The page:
PHNOM PENH —
When former Thai politician Surin Pitsuwan took over as the chief of the Association of Southeast Asian Nations in 2008, his leadership was put to the test early on. In May of that year, Cyclone Nargis wreaked havoc on Burma, leveling townships and killing at least 138,000 people.
At the time, Burma was still an international pariah; even among the 10-member ASEAN bloc, there were questions about its place in the regional group.
Burma initially refused international relief efforts, but after an emergency ASEAN meeting, authorities relented and allowed medical personnel into the country.
Reflecting on his five-year term as it nears its end, Surin believes the intervention was a catalyst for the unexpected transformations that have unfolded in Burma over the last year.
“I think our engagement since then — not only with ASEAN but with the international community coming in with ASEAN — has raised a level of comfort, a level of confidence on the part of the leadership of Myanmar about the fact that the world is willing to help, to work with Myanmar, to support Myanmar,” he said. “[This] has certainly convinced Myanmar to open up and to change. That’s the most gratifying experience I have had in the past 5 years.”
With Surin at the helm, the group succeeded in quickly addressing a critical issue in the so-called “ASEAN way” — through consensus, not confrontation.
As his term wore on, Surin said, he wanted to push the bloc to become more open, more transparent and more relevant to the 600 million people that make up ASEAN’s diverse population.
“I think I could have done more, but I have to look back and be realistic,” he said, explaining that he believes he did played a role in increasing ASEAN’s public stature. “Some people, some governments, some officials, are probably not quite prepared to open up, to engage. A lot of them are saying, ‘yes, civil society, welcome.’ But they have to be our civil society. That’s difficult.”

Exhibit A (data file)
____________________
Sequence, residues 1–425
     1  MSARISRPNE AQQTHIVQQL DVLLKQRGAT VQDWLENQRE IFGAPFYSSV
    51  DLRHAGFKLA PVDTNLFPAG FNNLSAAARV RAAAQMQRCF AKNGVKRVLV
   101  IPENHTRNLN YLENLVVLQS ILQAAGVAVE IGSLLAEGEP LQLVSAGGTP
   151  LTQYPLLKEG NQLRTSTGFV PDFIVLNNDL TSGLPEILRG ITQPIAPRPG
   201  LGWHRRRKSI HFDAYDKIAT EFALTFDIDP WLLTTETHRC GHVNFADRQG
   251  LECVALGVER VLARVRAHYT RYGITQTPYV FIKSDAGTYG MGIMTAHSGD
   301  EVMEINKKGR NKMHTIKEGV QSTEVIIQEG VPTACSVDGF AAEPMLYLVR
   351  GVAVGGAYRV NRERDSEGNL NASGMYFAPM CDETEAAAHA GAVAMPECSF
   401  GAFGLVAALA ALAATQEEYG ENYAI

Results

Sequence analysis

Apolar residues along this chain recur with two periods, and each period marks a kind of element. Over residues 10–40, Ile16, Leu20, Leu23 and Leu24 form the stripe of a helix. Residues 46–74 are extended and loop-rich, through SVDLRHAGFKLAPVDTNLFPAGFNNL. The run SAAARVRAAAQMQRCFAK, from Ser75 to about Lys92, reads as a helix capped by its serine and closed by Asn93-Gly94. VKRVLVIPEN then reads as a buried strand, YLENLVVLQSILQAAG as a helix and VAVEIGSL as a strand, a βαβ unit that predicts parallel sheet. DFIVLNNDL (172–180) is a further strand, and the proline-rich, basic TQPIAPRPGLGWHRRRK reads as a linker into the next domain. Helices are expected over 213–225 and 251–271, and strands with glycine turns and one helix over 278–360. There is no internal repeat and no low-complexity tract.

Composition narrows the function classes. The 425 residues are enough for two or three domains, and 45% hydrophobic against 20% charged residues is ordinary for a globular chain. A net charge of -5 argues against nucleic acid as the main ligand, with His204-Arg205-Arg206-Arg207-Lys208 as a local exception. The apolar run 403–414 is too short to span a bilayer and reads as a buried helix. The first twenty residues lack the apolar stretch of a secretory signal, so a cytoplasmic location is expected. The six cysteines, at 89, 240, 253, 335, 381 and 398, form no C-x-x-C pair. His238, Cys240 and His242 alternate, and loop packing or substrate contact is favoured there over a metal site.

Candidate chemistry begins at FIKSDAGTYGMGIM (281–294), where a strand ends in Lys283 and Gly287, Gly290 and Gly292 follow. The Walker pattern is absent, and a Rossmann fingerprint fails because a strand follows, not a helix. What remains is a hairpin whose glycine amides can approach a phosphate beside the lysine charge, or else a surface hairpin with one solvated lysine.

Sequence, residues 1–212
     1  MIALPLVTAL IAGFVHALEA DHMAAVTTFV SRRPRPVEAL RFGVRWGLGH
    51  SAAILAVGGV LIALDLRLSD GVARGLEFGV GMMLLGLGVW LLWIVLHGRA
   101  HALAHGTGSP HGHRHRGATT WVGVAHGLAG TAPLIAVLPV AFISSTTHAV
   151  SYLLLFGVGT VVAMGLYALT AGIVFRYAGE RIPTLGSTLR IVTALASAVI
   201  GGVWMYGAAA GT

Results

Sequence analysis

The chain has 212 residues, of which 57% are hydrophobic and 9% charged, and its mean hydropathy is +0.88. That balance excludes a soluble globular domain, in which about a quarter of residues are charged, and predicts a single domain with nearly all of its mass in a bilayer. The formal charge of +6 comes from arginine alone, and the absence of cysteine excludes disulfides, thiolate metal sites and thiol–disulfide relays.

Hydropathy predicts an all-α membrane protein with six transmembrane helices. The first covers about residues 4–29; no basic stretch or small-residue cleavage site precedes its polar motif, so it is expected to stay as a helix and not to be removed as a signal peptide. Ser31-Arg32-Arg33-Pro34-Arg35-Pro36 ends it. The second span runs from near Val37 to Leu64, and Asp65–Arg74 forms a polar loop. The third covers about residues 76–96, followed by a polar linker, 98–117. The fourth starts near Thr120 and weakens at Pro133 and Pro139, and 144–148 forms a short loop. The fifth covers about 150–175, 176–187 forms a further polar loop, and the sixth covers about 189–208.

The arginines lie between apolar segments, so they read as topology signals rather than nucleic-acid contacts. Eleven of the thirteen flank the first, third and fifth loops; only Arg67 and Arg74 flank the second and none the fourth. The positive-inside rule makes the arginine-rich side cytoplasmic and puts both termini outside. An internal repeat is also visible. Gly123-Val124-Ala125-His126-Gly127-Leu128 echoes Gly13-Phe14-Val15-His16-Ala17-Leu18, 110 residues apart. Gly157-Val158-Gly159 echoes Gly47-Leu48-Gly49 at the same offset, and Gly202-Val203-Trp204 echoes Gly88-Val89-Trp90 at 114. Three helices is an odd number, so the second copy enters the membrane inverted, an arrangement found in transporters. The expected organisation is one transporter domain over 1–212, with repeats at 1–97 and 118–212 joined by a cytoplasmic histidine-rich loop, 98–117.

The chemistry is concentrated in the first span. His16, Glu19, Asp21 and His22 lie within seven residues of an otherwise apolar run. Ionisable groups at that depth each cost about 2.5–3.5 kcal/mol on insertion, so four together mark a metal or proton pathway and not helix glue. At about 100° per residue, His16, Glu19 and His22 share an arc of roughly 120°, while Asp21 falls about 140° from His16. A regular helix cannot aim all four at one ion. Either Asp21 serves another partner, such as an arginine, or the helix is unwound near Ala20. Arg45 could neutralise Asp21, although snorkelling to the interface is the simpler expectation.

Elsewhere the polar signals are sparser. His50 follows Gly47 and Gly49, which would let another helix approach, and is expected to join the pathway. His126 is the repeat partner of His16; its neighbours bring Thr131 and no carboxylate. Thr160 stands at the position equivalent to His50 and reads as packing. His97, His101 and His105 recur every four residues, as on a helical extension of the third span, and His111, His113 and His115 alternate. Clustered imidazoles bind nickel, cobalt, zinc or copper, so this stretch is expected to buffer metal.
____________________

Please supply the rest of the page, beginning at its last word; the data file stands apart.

According to Pavin Chachavalpongpun, a political analyst at Kyoto University, while ASEAN’s response to Cyclone Nargis was a victory for Surin, the remainder of his term failed to live up to that early promise.
“Rehabilitation relief efforts on the part of ASEAN in Nargis could be his legacy,” said Pavin, arguing that it displayed Surin’s leadership in terms of being a bridge between Burma and the outside world. “Sadly, it’s the only and the last one.”
Pavin also described Surin, formerly a Thai foreign minister, as a natural politician in the shoes of an administrator, and thereby an individual who struggled to adjust to a more passive role as ASEAN’s figurehead leader.
“He’s basically overqualified for the job,” said Pavin, explaining that Surin hadn’t been well-received by ASEAN’s foreign ministers. “Because of that he often acts as if he was still a foreign minister [and] it brought up a lot of conflict.” When then-Australian Prime Minister Kevin Rudd floated a proposal for what he called an Asia-Pacific Community, for example, Surin initially responded positively in comments that many took to be supportive of the idea.
But ASEAN ministers wanted no part of it.
“My god, the next day ASEAN had to release a statement saying that what Surin said was in his personal capacity that does not reflect what ASEAN really thinks about APC,” said Pavin. “So basically that was a slap in the face of Surin. I mean, he continues to irritate a lot of foreign ministers. I think it's going to be a sad goodbye for Surin. It might be a happy goodbye on the part of a lot of ASEAN countries.”
Others, however, say Surin’s willingness to influence ASEAN from within has improved the bloc.
“He’s pushed the envelope of activism in a way that no previous secretary general has,” said Carlyle Thayer, an analyst of ASEAN affairs with the University of New South Wales.
Prodding the group in ways that may have been unheard of before, Surin, said Thayer, pushed to get ASEAN involved in Burma’s Rakhine State, where tensions between ethnic Rakhine and Rohingya people are simmering.
Although Burma has so far rejected regional involvement, Thayer describes Surin as “spectacular” in his leadership role.
“He doesn't always win his battles, but he's made the secretary general a more independent office,” said Thayer. It’s been activist rather than interventionist, and it’s not happening as fast as outsiders may want, but to me that's what he's done.”
Surin’s replacement, Vietnamese diplomat Le Luong Minh, a former ambassador to the U.N., begins his five-year term January 1.